To his credit, Trudeau seems to understand that his looks get people’s attention, but it’s up to him to prove that he’s more than just a pretty face. His campaign ran a clever animated ad, “Your Guide to Canadian Political Hair,” which turned Harper’s attention on his hair into a cheeky joke and concluded: “Nice hair, nice platform.”
Now that Trudeau has carried the election, the stakes have changed. Says Nathan Kowalsky, associate professor of Philosophy at St. Joseph’s College at the University of Alberta, Canada: "It's difficult to reflect intelligently on Justin Trudeau's qualifications, for while his critics have claimed he was 'just not ready' to lead the country, his own response has been to claim that he represents 'real change.' Neither of these rhetorical stances provide anything substantive with which to form a judgement. Trudeau's Liberals voted in favour of the Conservative's controversial anti-terrorism law (Bill C-51), were alone among all the parties in not setting concrete targets for greenhouse gas emissions, and were equally vague about whether or not they would ratify the Trans-Pacific Partnership. It remains to be seen, then, whether we'll get 'real change' after all. That said, the fact that he's young, good-looking, and has stellar name recognition shouldn't be a point against him. I'm willing to give him a chance to prove himself and earn my trust."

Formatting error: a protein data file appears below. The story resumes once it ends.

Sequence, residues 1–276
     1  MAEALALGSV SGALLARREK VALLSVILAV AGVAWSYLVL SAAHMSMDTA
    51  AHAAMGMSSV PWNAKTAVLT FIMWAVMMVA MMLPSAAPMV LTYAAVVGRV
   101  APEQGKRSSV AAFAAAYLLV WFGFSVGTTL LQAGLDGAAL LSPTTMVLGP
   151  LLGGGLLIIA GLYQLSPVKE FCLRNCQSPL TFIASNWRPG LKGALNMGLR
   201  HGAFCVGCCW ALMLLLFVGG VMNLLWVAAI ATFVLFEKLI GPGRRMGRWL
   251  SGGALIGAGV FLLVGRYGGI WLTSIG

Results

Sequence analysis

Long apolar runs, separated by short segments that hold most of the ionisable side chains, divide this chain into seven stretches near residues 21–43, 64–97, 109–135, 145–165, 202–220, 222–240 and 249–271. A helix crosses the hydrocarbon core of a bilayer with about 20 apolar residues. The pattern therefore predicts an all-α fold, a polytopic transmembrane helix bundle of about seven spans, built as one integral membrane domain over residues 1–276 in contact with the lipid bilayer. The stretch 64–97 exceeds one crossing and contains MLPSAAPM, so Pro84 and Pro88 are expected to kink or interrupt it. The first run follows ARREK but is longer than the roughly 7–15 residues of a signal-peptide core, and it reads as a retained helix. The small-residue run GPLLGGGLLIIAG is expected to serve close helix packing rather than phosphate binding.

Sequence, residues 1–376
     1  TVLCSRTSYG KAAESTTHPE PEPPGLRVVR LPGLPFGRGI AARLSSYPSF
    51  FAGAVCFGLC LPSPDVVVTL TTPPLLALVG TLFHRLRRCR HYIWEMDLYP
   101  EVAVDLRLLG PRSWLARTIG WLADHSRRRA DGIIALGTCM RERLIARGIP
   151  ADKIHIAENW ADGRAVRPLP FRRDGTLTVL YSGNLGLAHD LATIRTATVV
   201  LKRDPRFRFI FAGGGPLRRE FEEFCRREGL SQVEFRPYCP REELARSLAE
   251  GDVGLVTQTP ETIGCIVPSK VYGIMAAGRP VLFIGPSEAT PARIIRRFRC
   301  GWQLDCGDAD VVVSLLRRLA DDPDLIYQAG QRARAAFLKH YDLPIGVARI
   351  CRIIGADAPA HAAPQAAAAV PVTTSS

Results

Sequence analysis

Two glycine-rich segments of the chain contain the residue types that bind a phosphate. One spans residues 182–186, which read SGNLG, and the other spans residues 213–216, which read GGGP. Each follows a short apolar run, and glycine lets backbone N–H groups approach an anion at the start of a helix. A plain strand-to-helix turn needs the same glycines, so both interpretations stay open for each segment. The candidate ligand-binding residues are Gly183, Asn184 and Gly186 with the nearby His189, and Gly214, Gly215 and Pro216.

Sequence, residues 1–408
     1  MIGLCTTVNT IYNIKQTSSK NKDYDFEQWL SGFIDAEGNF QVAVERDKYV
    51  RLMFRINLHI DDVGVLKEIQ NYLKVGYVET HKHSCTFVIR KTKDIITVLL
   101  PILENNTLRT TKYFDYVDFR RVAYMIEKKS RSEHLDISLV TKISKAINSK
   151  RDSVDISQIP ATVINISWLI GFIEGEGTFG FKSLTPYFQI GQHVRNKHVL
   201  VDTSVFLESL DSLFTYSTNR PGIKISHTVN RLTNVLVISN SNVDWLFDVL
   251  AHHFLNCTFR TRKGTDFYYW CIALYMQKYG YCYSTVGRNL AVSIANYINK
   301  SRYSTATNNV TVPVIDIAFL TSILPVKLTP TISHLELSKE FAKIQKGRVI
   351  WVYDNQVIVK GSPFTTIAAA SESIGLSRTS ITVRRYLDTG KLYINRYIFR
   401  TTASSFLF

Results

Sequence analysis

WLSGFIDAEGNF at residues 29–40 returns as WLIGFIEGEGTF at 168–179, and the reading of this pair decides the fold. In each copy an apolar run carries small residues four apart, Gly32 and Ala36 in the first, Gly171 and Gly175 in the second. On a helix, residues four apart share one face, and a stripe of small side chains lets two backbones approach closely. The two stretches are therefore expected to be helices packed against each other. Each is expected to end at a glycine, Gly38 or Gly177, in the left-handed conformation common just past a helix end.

A chance that, I daresay, much of the rest of the world is also willing to extend him. Even though he has good hair.